Pocket Gold Prospecting is one method of gold recovery that is performed by far less people than those who pan for gold, detect for gold even dredge and drywash for gold. In fact it’s possible that you’ve never heard of it. The vast majority of prospecting that occurred during the America Mining Booms of the 18th, 19th and 20th centuries was placer gold and lode gold recovery. But there were pocket gold prospectors and some of them did very well.
There is some disambiguation about the term Pocket Gold. Some define Pocket Gold as gold that eroded from its vein but has not reached the river or stream, otherwise referred to as float, remnants of a surface pocket. The other definition is pocket gold is gold in pockets within the earth not yet touched. Both are right. Pocket gold is found at its point of origin, never touched by erosion. There are more similarities with the two definitions than differences really.
The top most featured photo here is some of the pocket gold I have recovered, its coarse and does not look anything like river worn placer gold. You can click on the picture to see it up close. The hairs you see are from my dog. He likes gold too. Now if I can just get him to sniff it out for me.
Locating pocket gold takes much patience, like a lot. So if you’re short on patience this kind of gold recovery is not for you. If you can prospect up a wash or hillside until you are no longer finding color you’ve basically (in theory) passed the source of the gold. Of course we know this is not the case in all locations so don’t take that last sentence as applicable everywhere. Some sources of gold eroded away long ago or the source is so buried now that finding it is unlikely. But you can locate pocket gold under the right conditions.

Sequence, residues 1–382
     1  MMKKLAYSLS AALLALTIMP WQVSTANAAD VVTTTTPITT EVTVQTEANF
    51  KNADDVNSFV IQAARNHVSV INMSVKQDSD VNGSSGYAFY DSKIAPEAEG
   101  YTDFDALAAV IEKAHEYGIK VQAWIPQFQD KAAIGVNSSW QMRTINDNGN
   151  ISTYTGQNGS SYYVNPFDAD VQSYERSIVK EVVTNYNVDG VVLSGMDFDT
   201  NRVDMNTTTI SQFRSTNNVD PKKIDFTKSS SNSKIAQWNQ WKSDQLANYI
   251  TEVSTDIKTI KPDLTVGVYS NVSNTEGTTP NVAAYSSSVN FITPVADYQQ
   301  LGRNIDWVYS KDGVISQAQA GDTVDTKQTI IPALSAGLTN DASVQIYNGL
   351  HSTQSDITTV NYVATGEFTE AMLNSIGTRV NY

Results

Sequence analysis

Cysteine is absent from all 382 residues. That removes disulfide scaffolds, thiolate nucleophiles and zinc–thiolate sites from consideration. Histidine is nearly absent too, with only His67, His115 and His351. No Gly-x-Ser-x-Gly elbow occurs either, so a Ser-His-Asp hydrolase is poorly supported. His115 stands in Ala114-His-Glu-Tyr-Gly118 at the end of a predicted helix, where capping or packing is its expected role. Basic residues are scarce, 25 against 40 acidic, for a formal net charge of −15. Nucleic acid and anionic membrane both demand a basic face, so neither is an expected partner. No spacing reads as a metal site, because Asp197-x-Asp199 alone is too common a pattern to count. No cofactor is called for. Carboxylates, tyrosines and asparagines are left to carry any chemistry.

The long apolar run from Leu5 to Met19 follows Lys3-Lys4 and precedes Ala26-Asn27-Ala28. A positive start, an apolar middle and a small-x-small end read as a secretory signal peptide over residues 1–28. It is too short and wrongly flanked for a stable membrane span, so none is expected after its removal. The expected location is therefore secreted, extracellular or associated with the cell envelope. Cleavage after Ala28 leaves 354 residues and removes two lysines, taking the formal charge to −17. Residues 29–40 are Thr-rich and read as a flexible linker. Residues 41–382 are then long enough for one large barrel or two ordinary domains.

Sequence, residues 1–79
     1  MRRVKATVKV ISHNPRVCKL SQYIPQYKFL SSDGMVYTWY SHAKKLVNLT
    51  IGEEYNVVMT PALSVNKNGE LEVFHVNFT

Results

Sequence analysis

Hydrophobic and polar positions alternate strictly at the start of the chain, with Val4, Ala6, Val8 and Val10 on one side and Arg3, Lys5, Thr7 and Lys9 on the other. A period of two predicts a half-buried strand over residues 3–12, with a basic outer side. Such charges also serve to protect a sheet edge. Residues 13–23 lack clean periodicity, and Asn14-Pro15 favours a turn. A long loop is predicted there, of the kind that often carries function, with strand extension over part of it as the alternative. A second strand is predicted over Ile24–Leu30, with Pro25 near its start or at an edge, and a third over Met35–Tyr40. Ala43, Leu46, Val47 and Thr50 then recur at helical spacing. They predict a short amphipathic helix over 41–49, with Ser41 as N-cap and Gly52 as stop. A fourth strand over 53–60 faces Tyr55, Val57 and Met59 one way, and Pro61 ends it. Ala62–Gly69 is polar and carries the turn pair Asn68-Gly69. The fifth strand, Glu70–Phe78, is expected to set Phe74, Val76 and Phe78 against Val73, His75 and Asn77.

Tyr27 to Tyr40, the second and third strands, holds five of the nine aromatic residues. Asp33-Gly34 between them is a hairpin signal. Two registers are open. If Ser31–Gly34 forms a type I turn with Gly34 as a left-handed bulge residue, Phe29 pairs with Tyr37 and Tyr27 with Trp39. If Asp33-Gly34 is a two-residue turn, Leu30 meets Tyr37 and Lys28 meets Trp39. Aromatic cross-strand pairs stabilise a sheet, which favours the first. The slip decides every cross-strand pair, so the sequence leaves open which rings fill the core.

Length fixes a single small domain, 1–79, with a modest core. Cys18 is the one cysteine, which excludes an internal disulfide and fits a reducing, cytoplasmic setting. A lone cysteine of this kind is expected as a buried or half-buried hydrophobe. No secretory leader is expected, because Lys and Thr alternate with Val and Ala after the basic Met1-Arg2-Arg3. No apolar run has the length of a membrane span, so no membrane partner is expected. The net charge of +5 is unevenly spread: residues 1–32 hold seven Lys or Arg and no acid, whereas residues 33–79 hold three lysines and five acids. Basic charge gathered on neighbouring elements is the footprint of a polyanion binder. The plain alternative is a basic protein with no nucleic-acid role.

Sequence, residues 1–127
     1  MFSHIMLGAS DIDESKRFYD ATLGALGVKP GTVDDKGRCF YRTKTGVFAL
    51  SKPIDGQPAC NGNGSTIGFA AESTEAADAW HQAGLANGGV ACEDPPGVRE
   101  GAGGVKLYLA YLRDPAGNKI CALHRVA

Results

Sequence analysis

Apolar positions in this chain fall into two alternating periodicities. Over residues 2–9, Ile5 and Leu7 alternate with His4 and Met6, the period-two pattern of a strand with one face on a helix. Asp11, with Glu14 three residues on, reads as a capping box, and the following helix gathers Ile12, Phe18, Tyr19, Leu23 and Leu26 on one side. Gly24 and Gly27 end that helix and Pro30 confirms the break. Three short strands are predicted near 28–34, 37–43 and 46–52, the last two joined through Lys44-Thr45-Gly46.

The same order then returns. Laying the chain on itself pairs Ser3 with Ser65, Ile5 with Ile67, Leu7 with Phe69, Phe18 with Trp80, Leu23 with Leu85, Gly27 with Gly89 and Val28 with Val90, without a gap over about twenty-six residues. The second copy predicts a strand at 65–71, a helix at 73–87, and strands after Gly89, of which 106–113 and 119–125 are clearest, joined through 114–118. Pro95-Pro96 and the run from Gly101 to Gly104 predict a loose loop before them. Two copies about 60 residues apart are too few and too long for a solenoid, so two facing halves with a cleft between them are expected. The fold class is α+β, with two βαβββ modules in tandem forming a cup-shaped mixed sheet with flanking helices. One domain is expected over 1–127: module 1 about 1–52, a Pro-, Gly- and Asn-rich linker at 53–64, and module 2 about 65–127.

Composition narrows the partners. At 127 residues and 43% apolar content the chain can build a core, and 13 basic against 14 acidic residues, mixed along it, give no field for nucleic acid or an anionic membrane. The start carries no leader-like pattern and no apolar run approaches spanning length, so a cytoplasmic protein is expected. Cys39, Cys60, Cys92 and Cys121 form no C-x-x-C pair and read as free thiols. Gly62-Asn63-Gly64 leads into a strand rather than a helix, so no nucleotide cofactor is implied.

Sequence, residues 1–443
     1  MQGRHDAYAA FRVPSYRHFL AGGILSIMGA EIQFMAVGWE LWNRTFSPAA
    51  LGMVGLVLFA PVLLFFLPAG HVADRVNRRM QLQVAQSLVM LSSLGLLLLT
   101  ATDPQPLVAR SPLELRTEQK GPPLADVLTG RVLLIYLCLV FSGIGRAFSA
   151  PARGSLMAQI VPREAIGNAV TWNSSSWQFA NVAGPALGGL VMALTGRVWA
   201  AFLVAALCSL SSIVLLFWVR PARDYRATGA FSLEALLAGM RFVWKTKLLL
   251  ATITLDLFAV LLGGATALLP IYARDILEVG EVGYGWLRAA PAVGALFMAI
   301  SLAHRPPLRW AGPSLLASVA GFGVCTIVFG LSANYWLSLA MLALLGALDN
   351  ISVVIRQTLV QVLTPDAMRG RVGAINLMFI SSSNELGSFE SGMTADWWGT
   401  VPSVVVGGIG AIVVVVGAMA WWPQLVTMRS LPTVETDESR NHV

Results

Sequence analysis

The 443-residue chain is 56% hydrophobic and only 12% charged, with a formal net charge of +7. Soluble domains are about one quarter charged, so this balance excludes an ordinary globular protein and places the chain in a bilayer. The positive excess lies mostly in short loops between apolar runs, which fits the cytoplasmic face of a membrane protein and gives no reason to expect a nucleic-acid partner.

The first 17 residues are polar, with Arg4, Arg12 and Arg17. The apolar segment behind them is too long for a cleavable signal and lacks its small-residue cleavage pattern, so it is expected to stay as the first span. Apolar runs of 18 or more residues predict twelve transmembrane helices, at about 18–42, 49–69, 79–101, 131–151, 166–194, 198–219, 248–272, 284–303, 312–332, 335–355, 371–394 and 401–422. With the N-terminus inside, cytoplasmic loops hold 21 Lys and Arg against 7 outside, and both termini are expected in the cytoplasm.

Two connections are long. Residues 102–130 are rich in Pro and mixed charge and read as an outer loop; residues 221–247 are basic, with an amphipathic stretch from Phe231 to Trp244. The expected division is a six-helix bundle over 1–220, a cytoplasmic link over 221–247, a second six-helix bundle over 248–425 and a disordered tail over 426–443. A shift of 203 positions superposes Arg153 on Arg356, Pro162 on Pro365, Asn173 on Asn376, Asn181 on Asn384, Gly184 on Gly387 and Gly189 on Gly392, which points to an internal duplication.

You will get disappointments and skunks, this is part of learning. And you may never find any pocket gold. My method (and I’m no expert at pocket gold hunting) is to get some small construction stake flags and number them, the kind on the small metal poles. You can find about 100 stakes for $10.00.
Once I have passed the source vertically on the hillside I stake it as such usually by just writing on the flag with a marker. Passing the source can be thought of as line, the line only went x feet up the hill vertically. Return to a lower point on the hill and take horizontal samples, marking each one with a flag. As you take the horizontal samples you should begin to see horizontal line ends where color stops. Its very important that as you sample, you also flag the sample spot. You can mark the flag with a number. I highly recommend that you record both the flag number in a notebook and also record the number of colors in each sample. You start to sample horizontally wide at first but by the time to reach the upper level of the hill your sample area should be very narrow and you’ll need to sample every 6 inches to a foot.
Eventually you should have something similar to the digital drawing on this page. I’m no artist but you’ll get the idea. Click on the picture to see it all, full size. That’s the short version of pocket gold hunting. Not every attempt will be a success. You might just end up scratching your head or walk away with 20 ounces. Only one way to find out. My explanation is somewhat short and sweet, cursory. If you are truly interested in learning more I suggest the following for further reading Pocket Gold – Prospecting For The Source and Mud Men: Pocket Miners of Southwest Oregon. Good luck!